Islamophobia in India– The elaborate blame game

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The most prevalent phobia in the twenty-first century is Islamophobia. From the liberal societies of Europe and the United States of America to India, it persists everywhere. The onus of fighting it has been shared to a great extent by the people or society of other religions as well. But when it comes to criticizing them, we are termed as Islamophobic. But why should we always be afraid of criticizing Muslim society and politics?

Representations in Indian History

The partition had already divided the minds of Hindus and Muslims in the Indian subcontinent, which was succeeded by the appeasement politics of Congress party and regional parties in India. The attitude of many liberals and civil society organizations has become controversial because of their partial attitude in dealing with all the sections equally and thus unfairly.

Britishers always played the game of divide and rule. By introducing the concept of separate electorate for Muslims, they not only created a communal representation in electoral politics but also created a religious rift in the Indian freedom struggle. History knows about the Khilafat movement of how the movement was portrayed as Hindu Muslim unity. It turned out to be artificial. After the movement was over and it was followed by Tanzeem and Tabligh movements.

The narrative history written by historians has divided the people. A circular issued by the West Bengal government in 1989 cited that there must be no negative reference to Islamic rule in India. Writing a rationale (Left historians reason) history by molding facts, omitting events like barbaric invasions created a sense of uneasiness in the mind of people. Arun Shourie, an eminent economist and author, discusses in his book Eminent Historians: Their Technology, Their Line, Their Fraud about how power was misused in changing the history by historians supported by the then powerful central government led by Congress and Bengal government during CPI(M) regime. That does not solve the problem of Indian secular society but rather turns people against each other. Everyone created their prime truth. It would have been better if instead of prioritizing their narrative, real history had turned people of both sides to accept their mistakes and create a peaceful society. The history written by R C Mazumdar, Sita Ram Goel, Jadunath Sarkar were totally rejected and restricted to be mainstream. One of them, R C Mazumdar (also former vice-chancellor of University of Dacca) was a principal member of the editorial committee to write the history of freedom struggle constituted after independence. He resigned due to his differences with the education minister, Abul kalam Azad over the interpretation of 1857 freedom struggle.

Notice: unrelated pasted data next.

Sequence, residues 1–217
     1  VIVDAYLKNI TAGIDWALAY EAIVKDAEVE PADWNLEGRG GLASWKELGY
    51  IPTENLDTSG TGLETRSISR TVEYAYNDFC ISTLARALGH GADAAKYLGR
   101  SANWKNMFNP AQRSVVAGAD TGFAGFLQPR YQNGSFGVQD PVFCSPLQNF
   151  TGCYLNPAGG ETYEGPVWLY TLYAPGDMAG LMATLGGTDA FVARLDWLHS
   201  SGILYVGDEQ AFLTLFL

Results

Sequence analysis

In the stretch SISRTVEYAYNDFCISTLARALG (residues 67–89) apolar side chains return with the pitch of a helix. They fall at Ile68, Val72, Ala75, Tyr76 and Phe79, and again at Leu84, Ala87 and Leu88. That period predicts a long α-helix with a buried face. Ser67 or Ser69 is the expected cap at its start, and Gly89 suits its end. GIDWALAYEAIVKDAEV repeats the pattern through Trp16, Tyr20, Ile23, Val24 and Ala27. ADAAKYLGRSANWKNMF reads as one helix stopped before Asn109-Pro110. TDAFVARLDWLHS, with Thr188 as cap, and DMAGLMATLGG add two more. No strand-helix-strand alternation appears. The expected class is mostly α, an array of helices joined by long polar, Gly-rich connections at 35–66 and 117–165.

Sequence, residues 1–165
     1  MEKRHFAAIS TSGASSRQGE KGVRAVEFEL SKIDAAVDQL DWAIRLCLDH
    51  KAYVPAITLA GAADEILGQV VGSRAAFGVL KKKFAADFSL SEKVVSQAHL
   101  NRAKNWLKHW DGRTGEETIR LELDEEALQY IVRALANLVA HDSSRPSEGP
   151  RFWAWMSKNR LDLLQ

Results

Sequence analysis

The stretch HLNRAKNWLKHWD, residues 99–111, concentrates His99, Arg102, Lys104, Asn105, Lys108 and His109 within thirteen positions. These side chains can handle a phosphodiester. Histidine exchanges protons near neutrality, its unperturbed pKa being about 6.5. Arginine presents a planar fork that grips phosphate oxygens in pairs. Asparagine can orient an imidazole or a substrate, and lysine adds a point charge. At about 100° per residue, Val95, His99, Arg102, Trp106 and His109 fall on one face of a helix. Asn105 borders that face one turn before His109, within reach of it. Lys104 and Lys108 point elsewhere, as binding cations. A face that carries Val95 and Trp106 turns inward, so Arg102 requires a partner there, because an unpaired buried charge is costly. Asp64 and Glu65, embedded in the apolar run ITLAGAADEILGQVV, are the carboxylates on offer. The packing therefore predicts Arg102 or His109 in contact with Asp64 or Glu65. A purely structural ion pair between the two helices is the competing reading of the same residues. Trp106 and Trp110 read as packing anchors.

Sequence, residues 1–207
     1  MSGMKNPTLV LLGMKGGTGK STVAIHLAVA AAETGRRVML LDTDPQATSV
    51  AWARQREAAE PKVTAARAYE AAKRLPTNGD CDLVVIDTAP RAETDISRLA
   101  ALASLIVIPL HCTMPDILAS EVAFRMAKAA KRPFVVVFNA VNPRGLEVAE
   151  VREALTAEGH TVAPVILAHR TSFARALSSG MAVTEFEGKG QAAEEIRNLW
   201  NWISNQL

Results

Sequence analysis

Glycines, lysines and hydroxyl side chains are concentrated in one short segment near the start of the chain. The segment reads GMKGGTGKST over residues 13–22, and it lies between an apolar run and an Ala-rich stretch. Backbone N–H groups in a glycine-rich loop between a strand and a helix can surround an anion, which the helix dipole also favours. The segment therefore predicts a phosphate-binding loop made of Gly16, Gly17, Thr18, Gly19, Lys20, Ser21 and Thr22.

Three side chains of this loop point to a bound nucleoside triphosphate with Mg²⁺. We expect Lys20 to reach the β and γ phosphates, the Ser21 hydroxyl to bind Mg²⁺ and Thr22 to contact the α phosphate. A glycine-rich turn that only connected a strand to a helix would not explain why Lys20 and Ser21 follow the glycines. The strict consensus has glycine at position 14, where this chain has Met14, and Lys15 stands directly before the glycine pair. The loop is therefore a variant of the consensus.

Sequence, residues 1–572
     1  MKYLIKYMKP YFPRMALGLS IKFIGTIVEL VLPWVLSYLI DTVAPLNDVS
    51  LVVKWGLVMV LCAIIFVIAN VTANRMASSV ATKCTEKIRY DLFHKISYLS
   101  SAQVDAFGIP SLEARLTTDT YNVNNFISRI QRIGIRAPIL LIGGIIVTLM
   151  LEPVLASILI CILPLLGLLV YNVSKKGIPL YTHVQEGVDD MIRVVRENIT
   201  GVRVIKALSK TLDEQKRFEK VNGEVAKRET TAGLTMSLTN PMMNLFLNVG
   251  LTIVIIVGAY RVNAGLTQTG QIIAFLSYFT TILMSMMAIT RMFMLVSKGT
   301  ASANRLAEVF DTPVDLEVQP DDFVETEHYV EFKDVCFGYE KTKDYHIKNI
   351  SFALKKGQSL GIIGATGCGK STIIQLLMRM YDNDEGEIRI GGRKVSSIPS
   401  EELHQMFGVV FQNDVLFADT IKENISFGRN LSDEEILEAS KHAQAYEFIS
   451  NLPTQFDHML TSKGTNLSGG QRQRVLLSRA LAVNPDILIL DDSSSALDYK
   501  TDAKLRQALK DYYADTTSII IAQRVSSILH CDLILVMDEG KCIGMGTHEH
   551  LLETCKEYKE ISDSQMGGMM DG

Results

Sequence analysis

Political leadership          

The Sachchar committee (constituted by the United Progressive government in 2005) presented a grim picture of the socio-economic and political status of Muslims in the country. There is a lack of educated middle class in Muslim society, which can channelize their resources and mind in breaking the stereotypes. The literacy rate of 51.89% among the Muslim women shows how culture is lacking in education. The Madarsa education system also lacks infrastructure, scientific aptitude, and it becomes a challenging task for them to compete with the outside world.